'Flu is still dangerous' say couple who lost baby son
A couple whose baby son died of flu said they wanted to "raise people's awareness that the flu is still dangerous" by telling his story.
Nikki Shaw, 32, and Dan Rowe, 36, from Market Harborough, had identical twin boys, Ned and Gus in December 2018.
In January Ned was rushed to Kettering General Hospital, later diagnosed with flu and passed away at Addenbrooke's Hospital in Cambridge.
Ms Shaw: "If you can have the flu vaccination why wouldn't you have it?"
She said that when the twin boys were born "everything was just perfect, it was wonderful".
"We brought them home and had our first Christmas at home with the boys."
On the morning of 24 January, Ned woke to feed "as he did every single morning".
Ms Shaw said: "As I finished feeding him and he fell asleep, I put my hand on Ned's chest and there was nothing there.
"He was floppy, cold."
Mr Rowe dialled 999 and began CPR on Ned, and soon after an ambulance took him to Kettering General Hospital.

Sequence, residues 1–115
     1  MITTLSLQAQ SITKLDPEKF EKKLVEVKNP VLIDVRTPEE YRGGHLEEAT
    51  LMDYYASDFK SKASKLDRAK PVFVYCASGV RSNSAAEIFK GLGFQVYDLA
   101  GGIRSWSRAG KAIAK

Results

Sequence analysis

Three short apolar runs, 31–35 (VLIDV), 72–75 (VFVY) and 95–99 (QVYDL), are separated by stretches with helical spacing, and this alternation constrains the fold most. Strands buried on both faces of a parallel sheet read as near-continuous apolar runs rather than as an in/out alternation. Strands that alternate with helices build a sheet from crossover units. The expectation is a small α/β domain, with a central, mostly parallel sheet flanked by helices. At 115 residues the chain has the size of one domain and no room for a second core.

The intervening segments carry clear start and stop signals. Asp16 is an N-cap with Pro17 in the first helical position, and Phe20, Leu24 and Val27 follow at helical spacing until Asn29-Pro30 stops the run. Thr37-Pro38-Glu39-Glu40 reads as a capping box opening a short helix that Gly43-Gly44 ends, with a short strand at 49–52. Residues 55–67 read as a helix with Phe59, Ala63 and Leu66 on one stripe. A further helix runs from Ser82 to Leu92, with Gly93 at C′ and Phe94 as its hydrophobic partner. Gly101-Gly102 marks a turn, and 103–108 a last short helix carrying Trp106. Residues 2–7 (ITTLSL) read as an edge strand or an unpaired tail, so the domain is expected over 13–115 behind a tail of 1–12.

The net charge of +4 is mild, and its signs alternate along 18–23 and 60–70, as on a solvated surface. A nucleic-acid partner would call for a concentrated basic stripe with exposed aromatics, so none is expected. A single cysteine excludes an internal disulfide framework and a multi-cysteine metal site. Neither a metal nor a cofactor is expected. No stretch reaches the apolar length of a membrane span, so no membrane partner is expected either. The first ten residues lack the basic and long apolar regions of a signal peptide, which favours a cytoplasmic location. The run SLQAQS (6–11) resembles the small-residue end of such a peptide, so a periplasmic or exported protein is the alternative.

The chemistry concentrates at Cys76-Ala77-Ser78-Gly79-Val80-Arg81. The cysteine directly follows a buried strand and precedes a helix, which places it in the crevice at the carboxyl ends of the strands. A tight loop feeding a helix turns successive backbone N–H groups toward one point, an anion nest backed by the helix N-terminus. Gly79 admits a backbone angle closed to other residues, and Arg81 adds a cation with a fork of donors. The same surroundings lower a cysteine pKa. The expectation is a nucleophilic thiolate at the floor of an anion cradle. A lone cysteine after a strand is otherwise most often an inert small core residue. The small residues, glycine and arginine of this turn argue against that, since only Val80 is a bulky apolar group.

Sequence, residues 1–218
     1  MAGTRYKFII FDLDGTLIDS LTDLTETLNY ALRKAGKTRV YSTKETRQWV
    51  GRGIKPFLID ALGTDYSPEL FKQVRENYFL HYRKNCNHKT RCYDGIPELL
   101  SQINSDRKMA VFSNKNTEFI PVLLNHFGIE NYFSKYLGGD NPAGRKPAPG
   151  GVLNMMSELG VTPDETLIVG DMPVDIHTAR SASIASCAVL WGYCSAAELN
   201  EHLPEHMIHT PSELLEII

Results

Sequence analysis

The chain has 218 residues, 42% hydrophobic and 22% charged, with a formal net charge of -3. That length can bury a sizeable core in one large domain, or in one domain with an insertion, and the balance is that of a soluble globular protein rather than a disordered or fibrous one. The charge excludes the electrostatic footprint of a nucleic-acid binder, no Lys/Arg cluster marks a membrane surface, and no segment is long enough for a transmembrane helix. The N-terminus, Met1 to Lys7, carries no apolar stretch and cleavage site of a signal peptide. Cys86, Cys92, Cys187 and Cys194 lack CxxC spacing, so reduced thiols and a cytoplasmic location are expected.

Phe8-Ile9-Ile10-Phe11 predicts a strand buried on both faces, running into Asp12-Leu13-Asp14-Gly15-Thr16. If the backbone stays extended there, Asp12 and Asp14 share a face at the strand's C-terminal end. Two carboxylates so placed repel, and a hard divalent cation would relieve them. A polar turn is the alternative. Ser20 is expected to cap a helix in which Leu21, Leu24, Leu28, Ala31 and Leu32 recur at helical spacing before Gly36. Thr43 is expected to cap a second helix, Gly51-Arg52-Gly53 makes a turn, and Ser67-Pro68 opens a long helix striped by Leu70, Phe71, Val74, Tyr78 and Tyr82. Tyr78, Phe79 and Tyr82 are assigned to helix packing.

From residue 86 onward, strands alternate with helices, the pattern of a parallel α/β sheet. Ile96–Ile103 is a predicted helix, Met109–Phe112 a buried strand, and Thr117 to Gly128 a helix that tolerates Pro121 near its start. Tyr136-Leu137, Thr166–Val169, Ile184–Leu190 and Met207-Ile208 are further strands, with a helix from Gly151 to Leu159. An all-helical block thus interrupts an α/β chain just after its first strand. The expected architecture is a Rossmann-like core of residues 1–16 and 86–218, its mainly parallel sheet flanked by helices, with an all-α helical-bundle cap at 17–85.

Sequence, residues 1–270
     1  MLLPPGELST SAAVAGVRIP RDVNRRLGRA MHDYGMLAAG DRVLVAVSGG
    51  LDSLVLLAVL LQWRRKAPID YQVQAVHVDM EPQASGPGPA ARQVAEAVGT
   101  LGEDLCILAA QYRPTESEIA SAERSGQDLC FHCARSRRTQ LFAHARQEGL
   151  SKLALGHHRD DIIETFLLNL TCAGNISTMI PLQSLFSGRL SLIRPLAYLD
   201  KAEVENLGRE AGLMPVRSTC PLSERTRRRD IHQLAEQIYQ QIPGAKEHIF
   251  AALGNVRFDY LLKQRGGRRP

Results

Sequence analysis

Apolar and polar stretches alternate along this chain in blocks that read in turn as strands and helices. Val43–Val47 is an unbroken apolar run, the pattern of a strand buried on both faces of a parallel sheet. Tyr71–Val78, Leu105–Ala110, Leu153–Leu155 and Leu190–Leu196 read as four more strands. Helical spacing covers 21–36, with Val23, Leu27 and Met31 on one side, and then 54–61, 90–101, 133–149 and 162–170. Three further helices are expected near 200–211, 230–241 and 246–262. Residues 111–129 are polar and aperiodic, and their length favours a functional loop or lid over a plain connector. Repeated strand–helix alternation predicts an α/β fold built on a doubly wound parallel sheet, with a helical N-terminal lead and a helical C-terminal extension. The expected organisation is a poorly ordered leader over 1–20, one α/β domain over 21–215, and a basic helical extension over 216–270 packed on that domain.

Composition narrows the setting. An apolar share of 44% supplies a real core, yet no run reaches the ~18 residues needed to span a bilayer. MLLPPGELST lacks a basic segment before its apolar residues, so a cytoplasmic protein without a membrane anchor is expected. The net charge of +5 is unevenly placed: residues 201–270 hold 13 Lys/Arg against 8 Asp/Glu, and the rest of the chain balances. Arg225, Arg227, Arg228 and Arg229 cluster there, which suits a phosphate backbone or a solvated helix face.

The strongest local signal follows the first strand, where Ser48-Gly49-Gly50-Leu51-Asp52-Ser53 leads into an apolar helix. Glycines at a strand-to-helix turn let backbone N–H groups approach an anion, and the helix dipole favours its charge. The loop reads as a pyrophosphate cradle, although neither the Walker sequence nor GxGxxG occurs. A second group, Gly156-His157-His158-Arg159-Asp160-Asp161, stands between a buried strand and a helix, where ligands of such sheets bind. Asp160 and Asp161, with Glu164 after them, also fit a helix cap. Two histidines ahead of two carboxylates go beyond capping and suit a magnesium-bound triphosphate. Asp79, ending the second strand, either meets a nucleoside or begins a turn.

Ned was then taken to Addenbrooke's where he was diagnosed with influenza.
- Flu vaccine 'could be airlifted into UK'
- 'Get flu jab' campaign after boy dies
- Flu vaccine 'working better for children'
Ms Shaw said when she was told it flu it was "utter disbelief".
"It's 2019, flu doesn't still kill people."
Ned was on life support for 12 days at Addenbrooke's but a rare complication meant he was unable to breathe for himself.
The couple said they wanted something positive to come from his death and returned to Kettering General Hospital to campaign for more people to be aware of the dangers of flu and to be vaccinated.
Mr Rowe said: "I think it's very easy to be blasé about the flu and the more that can be done to raise people's awareness that actually the flu is still dangerous, the better."
"By getting vaccinated you are not just protecting your own children and your own family but protecting people around you," he added.
What is flu?
- Flu (influenza) is a common infectious viral illness spread by coughs and sneezes
- It can be caught all year round, but is especially common in winter, which is why it is also known as seasonal flu
- Symptoms include a high temperature of 38C (100.4F) or above; tiredness and weakness; a headache; aches and pains; a dry, chesty cough
- People can usually manage symptoms themselves and there is no need to see a GP. Most people usually feel better within a week
- However, people in some groups should consider seeing a GP if they are at risk of becoming more seriously ill. This includes anyone who is aged 65 or over, pregnant; has a lung, heart, kidney, liver or neurological disease; has a weakened immune system; or is diabetic